Call Reporters to Schedule Appointments at the Show


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Calling reporters for appointments at trade shows is truly an art form. You have four possible goals:

• Confirm an appointment for the reporter to see a demo of the product or interview executives at the show.

• Try to get reporters who can’t schedule an appointment to agree to stop by your booth at their convenience.

• Ask the reporter to write an article for the show edition of the paper.

• Ask the reporter to set up an appointment to see the product in their office before or after the show.

Getting a confirmed appointment with a reporter at a convention can be difficult. Look at the situation from the reporters’ perspective: They have to cover the entire show and the press conferences. They aren’t sure when the press conferences are being held, because the show office won’t release the final schedule until the show starts. They have a few appointments already scheduled with the biggest companies in the industry, and they aren’t sure where they will be in relation to your booth simply because of logistics.

Some reporters may politely say, “Well, I don’t have my press conference list, and I want to see what else is going on at the show, but I’ll try to stop by.” This is not a put-off. Reporters want to see as much of the show as they can, and walk up and down every aisle. When they see your booth, your company name may click, and they may say, “Aha, I remember something about this product. I want to see what this thing is.” Because of this fact, you can benefit from contacting a reporter for an appointment even if they can’t make one with you.

Begin calling reporters about one month before the event. Your first attempt should always be to try for confirmed appointments with the press to attend demos of your product. By setting confirmed interviews, you can be reasonably assured that the press will attend your demo (or party or press conference). Setting confirmed interviews also helps you schedule executives and technicians who need to be on hand for the demo.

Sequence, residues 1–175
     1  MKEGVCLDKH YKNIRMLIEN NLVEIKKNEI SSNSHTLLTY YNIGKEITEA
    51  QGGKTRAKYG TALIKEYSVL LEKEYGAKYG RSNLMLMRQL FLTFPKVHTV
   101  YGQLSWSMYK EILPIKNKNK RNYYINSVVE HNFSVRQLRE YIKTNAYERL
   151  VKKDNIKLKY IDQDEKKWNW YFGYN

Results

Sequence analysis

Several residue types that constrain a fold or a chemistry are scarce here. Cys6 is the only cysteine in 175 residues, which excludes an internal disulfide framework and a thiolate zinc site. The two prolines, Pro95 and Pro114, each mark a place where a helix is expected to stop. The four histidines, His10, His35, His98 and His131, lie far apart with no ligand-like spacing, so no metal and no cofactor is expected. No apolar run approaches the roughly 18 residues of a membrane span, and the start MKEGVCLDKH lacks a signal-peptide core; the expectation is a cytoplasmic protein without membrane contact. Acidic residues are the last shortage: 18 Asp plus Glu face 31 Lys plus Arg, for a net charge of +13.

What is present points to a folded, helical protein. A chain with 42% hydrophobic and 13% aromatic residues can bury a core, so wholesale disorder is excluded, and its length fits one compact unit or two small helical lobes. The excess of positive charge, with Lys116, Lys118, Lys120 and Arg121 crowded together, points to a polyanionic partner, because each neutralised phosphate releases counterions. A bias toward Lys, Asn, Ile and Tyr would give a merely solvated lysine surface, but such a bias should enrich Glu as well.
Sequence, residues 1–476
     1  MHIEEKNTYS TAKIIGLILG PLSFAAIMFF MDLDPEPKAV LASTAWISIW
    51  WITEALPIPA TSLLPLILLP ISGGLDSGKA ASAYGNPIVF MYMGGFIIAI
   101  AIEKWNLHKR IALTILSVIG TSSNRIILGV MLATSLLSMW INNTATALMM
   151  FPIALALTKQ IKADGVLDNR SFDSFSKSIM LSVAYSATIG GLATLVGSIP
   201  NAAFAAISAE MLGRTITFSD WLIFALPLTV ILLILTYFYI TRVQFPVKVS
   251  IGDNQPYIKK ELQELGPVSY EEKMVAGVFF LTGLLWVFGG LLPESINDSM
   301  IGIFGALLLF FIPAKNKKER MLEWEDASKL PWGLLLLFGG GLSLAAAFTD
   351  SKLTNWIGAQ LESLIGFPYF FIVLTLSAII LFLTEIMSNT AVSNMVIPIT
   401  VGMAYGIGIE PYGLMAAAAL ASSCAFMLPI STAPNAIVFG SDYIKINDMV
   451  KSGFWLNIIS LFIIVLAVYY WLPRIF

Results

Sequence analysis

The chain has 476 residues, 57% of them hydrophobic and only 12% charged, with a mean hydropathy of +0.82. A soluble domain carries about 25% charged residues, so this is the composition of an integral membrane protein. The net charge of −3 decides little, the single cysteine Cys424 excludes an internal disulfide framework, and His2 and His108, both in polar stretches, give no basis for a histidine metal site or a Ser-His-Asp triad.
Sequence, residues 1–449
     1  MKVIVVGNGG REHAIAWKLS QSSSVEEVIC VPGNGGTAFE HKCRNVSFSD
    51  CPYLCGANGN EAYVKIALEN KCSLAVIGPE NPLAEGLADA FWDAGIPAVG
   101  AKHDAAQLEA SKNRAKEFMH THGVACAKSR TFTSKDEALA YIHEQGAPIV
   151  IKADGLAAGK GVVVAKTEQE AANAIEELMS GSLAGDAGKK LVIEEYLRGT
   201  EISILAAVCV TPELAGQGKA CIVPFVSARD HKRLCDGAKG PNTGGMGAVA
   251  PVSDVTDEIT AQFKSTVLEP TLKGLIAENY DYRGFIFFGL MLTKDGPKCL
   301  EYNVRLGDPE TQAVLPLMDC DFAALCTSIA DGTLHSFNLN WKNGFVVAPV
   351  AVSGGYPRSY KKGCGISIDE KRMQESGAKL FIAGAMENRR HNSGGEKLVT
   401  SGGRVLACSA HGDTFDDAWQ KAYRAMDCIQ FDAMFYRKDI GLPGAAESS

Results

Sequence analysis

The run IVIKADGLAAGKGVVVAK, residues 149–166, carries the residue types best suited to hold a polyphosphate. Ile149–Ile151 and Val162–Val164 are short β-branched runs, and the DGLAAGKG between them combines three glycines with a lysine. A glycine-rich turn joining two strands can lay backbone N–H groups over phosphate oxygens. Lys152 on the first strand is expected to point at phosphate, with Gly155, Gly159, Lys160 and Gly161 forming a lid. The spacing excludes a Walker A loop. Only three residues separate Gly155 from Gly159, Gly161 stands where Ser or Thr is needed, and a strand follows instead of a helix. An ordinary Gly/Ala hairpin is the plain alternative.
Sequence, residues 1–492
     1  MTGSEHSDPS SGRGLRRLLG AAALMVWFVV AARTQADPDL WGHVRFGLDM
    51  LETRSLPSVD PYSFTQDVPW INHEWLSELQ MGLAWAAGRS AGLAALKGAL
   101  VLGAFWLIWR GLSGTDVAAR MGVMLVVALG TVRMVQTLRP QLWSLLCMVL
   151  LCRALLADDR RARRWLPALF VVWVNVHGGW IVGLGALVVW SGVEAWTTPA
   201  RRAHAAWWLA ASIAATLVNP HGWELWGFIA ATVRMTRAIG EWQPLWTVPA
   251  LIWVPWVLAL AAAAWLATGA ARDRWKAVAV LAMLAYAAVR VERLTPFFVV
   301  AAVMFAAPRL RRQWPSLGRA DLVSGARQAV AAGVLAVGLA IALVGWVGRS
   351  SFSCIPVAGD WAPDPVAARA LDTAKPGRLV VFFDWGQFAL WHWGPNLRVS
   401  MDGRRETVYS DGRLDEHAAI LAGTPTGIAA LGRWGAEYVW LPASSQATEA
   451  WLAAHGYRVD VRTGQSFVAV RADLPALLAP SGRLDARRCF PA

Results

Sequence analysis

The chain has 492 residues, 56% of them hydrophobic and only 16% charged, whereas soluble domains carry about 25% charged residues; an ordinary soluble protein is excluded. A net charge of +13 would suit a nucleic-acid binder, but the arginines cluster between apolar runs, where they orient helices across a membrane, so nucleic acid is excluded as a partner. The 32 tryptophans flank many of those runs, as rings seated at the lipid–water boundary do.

If you’re successful at setting an appointment, keep in mind that the reporter may be late or never show up. This is not a slap in the face. Reporters can honestly get sidetracked when they see something glitzy in someone else’s booth. They can also run behind in their schedules, either because other appointments are running late, or they can’t hail a taxi to your site. Warn your executives and demo personnel that the reporter may be late, so they won’t get uptight; that tenseness will come through in an interview or demo. If the reporter doesn’t show up, don’t be disturbed. Catch them on the follow-up.

If reporters can’t schedule an appointment but say they will stop by the booth, you’ve still won on two levels. First, you’ve educated them about your company and your product. That’s a very important process. Second, if you can’t meet them at the show, you may be able to set a time to meet them in their offices before or after the show to demo the product. Demonstrating the product at the reporter’s office is preferred because the meeting will be free from the interruptions and distractions of a convention.